The Olympus 40-150mm f4.0-5.6is the micro four thirds version of the popular 70-300 lens for DSLRs. The effective full frame equivalent of the Olympus 40-150mm is 80-300mm.
Lioness – ISO 100, f5.6, 140mm, 1/640 of a Second
I decided to purchase this lens as its focal length is in between my Olympus 12-40mm f/2.8 and the Panasonic 100-300mm lenses. Also, the price of this lens is extremely reasonable.
I picked up the lens when it was on sale at Amazon for $149. If you decide to purchase this lens, don’t pay the full retail price of $199 as the lens frequently goes on sale.
How did the lens perform at the zoo?
Overall, the Olympus 40-150mm f4.0-5.6 performed well at the Zoo. The focal length of the zoom was a good fit for the zoo. I was able to photograph most of the animals using the 40-150mm lens. I never took the Panasonic 100-300mm out of my bag.
I was happy with the quality of the images, although some of the images were a little soft. The lens and Olympus OM-D E-M1 camera combo was light to carry around the zoo and the Olympus 40-150mm is small enough to carry in the pocket of my shorts.
The Olympus 40-150mm is a really good lens for the price, especially if you can get the lens for less than the $199 retail price.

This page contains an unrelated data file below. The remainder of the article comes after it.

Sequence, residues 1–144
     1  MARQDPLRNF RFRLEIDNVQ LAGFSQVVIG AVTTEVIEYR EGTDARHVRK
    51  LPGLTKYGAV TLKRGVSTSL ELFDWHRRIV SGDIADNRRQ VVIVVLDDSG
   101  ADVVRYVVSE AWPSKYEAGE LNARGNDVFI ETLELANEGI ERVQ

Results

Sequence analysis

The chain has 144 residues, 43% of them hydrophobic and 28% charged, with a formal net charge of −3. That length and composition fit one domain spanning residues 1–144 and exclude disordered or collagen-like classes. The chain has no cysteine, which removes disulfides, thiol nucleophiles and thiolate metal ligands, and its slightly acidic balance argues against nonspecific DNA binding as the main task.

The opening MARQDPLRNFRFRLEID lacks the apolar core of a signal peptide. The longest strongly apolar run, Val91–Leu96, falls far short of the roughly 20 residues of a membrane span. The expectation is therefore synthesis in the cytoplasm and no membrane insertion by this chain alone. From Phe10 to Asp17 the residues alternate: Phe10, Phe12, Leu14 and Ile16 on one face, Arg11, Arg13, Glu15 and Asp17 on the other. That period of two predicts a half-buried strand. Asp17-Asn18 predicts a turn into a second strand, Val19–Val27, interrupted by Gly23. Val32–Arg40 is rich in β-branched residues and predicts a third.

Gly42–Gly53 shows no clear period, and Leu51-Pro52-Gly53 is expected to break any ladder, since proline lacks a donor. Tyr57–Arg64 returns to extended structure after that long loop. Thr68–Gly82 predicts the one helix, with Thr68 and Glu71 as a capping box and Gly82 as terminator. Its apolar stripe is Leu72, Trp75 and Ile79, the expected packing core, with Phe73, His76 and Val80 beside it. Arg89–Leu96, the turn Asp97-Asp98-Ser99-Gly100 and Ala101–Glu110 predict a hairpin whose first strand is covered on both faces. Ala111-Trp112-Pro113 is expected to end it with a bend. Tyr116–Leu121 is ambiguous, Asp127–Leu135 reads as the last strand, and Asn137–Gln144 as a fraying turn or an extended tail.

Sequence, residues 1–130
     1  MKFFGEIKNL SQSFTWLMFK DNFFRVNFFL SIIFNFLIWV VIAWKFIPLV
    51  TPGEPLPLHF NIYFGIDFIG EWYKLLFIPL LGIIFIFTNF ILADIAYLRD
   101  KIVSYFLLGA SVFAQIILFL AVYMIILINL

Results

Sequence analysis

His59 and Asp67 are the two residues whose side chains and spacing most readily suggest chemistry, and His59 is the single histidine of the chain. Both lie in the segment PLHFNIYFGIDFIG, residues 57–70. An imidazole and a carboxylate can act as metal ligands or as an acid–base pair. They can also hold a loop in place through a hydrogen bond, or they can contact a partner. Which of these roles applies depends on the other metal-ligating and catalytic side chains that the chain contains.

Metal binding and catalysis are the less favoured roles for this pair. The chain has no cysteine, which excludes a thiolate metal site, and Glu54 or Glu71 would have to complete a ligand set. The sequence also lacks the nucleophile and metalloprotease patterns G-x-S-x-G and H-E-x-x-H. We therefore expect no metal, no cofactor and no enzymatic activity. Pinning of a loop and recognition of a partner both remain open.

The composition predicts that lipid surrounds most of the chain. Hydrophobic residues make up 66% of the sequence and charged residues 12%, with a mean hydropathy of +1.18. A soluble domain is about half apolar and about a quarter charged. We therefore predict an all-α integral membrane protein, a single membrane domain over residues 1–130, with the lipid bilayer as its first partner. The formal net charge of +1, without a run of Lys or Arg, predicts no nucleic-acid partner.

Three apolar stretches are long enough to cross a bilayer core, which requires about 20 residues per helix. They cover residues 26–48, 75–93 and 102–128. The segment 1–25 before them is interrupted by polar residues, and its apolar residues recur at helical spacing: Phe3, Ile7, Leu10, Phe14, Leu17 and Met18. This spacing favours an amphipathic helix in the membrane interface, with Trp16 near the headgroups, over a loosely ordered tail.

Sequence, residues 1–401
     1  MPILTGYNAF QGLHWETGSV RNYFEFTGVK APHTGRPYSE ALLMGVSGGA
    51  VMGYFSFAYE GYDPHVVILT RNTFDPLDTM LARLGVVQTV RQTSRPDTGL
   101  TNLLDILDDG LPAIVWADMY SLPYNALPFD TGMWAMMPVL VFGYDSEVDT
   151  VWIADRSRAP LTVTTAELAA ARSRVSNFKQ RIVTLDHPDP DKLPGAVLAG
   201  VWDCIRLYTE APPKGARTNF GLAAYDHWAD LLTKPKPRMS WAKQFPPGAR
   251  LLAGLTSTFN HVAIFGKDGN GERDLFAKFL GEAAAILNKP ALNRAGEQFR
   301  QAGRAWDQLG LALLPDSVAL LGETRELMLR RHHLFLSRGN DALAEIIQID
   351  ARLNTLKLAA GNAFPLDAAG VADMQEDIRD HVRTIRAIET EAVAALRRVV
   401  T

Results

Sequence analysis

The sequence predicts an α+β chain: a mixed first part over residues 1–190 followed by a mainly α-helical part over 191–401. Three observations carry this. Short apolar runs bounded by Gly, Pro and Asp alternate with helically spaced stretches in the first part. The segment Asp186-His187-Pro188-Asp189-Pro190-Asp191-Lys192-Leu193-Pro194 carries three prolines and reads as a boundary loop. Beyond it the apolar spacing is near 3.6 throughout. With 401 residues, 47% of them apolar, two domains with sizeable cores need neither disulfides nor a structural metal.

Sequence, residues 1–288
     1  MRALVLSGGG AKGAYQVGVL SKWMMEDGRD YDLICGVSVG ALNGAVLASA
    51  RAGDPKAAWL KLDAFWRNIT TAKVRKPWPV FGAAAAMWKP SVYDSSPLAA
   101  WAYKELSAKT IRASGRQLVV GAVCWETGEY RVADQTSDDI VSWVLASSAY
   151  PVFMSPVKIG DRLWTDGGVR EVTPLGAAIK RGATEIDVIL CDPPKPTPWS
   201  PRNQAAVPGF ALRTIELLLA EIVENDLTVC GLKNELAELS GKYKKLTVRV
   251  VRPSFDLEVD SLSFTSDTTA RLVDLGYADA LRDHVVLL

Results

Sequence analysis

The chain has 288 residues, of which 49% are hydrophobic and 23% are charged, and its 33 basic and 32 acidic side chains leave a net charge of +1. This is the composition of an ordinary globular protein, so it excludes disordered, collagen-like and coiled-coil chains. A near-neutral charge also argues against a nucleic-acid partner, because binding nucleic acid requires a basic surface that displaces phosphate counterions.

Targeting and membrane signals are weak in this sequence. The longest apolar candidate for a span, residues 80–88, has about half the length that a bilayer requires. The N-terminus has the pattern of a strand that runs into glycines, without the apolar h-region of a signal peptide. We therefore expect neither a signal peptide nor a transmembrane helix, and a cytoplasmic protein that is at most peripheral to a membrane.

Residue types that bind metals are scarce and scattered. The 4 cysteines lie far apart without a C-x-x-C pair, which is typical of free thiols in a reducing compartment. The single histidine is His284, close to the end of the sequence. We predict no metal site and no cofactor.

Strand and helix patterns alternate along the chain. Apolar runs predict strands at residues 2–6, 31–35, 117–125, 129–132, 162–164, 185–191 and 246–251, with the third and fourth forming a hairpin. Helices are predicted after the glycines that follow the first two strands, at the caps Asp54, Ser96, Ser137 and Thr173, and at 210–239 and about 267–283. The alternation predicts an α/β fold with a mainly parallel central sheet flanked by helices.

Retro Giraffe – ISO 400, f5.6, 150mm, 1/2000 of a Second
Well, here are a few of my likes and dislikes about the lens.
Size & Weight
The lens is small and lightweight making it easy to carry around all day. The Olympus 40-150mm lens weighs only 6.7 ounces. Its dimensions are 3.26 inches long and 2.5 inches in diameter.
The Olympus 40-150mm lens is much lighter than its full frame cousin 70-300mm lens. The Canon 70-300mm f/4-5.6 lens weighs 22.2 ounces. The Canon lens is 5.6 inches long and 3.0 inches in diameter.
The size is perfect for a walk around lens.
The lens is a great deal at $149 or less. The new Olympus 40-150mm f/2.8 PRO is rumored to be priced around $1,200.
Minimal Chromatic Aberration.
For a lens of this price, I experienced very little chromatic aberration on the photos. I experienced more chromatic aberration on the Olympus 12-50mm kit lens.
Squirrel Zoomed in at 1:2 in Adobe Lightroom. RAW file no sharpening.
The lens is a little soft especially at 150mm. But, overall the sharpness is not bad for the price. When photographing birds or wildlife, I’d recommend shooting using Sequential High or Sequential Low mode to increase the likelihood of a sharp image.
The lens is mainly constructed from plastic including the lens mount.
Some Stickiness when Zooming In and Out.
I did experience some stickiness when zooming in and out with the lens. It wasn’t horrible and should get better after I use it awhile.
No lens hood
This is typical for Olympus non Pro lenses but I had to mention it. Off brand lens hoods can be purchased on Amazon for $12 – $19. While the Olympus brand lens hood is priced at $24.
Written by Martin Belan
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